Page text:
When Boise Weekly sat down with then-newly elected Idaho Rep. Luke Malek
(R-Coeur d'Alene) in 2013, he wasted little time declaring his political independence: "Nothing bothers me more than politicians who feel they have ownership in their offices."
In his two terms in the Idaho House, Malek has made no bones about his split from members of his own party and certainly from minority Democrats.
The Pacific Northwest Inlander recently chronicled Malek's
lousy rating—he got an "F+"—on the Idaho Freedom Foundation's so-called "Freedom Index,"
while at the same time garnering an "A" from the National Rifle Association.
Meanwhile, this morning's Coeur d'Alene Press reports
a new political action committee has been formed, zeroing in on one target: Malek, who is again running for re-election to the Idaho House with GOP candidate Art Macomber for a primary opponent.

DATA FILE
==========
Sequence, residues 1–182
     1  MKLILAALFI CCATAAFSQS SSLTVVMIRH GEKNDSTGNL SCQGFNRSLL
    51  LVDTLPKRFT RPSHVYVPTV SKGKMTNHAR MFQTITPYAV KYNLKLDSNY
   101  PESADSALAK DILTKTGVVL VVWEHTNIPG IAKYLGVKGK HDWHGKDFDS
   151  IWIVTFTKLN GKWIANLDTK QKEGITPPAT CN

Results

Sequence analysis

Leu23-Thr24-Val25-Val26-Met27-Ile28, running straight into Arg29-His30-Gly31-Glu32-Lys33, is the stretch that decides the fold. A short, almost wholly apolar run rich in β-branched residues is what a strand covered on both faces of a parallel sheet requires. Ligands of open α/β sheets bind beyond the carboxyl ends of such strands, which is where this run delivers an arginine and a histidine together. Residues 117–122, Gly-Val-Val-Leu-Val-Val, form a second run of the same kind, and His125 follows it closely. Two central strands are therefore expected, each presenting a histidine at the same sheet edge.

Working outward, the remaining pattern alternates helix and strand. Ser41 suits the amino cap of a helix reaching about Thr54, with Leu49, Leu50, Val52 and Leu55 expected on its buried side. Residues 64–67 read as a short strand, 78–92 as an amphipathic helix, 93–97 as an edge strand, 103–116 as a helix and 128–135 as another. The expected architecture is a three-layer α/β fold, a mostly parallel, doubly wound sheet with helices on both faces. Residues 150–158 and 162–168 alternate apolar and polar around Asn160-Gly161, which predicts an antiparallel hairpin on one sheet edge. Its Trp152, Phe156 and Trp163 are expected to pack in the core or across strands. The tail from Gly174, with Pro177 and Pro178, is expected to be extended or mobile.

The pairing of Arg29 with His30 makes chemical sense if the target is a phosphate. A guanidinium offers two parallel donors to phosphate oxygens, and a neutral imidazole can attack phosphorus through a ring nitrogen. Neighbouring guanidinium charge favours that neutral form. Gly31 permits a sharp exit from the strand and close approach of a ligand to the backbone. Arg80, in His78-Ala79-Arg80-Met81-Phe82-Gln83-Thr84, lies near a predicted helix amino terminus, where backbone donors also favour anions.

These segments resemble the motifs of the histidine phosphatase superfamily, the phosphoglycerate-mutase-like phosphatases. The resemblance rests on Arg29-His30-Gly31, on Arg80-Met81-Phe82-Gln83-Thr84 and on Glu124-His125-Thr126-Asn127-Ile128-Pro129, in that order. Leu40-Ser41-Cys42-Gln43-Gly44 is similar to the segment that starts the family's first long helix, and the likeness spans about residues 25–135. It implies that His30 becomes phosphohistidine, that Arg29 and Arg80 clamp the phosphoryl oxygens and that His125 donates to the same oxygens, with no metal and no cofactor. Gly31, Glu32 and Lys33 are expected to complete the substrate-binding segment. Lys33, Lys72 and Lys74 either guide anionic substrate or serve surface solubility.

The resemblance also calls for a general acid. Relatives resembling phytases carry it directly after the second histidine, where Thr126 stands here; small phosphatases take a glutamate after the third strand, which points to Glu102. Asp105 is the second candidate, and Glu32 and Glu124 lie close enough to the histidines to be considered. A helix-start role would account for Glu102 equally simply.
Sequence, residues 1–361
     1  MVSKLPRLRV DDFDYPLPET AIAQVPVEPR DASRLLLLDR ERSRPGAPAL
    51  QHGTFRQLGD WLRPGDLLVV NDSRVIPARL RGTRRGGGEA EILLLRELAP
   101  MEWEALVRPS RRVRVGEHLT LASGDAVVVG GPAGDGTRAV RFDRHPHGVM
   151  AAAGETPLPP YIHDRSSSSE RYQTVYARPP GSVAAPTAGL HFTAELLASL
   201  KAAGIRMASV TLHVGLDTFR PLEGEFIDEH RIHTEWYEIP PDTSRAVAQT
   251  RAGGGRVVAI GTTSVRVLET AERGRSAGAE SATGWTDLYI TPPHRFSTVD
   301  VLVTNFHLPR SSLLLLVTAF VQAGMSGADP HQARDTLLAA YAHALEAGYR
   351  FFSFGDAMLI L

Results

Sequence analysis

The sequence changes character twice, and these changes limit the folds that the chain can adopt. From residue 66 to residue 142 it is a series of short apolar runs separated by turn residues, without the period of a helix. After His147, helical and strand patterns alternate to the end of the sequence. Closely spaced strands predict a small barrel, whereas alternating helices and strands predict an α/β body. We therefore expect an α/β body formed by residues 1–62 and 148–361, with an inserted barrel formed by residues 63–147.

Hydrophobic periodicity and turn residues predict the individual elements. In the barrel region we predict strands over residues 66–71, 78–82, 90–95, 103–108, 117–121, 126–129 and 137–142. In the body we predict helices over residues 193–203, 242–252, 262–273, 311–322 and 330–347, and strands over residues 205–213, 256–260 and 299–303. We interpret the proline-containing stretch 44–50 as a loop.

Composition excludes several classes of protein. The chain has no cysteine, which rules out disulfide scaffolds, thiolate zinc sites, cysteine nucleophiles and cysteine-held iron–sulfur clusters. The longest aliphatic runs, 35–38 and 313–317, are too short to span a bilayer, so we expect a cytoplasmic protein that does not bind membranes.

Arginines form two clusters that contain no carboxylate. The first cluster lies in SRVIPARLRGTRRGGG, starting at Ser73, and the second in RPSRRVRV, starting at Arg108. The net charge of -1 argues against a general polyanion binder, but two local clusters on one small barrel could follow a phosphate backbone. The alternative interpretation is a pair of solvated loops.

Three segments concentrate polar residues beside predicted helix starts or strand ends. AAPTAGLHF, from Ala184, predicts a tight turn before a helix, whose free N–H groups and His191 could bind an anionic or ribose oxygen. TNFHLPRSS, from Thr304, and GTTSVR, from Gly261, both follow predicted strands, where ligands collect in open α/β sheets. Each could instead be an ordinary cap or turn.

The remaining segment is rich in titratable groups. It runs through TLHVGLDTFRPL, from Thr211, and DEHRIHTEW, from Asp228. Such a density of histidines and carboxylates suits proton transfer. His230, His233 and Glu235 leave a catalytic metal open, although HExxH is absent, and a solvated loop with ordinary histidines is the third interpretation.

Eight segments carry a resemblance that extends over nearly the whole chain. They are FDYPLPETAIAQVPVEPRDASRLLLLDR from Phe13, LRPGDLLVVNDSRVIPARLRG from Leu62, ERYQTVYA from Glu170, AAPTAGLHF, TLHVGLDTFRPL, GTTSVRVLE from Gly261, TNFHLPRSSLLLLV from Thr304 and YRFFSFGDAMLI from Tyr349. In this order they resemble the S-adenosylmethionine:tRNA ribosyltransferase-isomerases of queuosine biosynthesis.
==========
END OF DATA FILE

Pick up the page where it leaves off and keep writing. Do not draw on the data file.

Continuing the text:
According to The Press
, The Committee for Principled Government is targeting Malek's previous work as an attorney for the Coeur d'Alene Tribe and his opposition to "historic racing machines." In 2013, the Idaho Legislature approved the machines for operation at Idaho racetracks. But in 2015, lawmakers rescinded their approval, saying the machines were, in fact, slot machines and therefore illegal in Idaho.
Doug Okuniewicz, manager of the Greyhoud Park and Even Center in Post Falls—which hosted historic racing machines until the Legislature deemed them illegal—is the man behind the anti-Malek PAC.
"We feel like we never get a fair shake with Malek," Okuniewicz told The Press.
Malek was quick to group Okuniewicz along with his other critics such as Idaho Freedom Foundation President Wayne Hoffman.
"I don't know if [Okuniewicz] thinks copying Wayne Hoffman is the right approach," said Malek.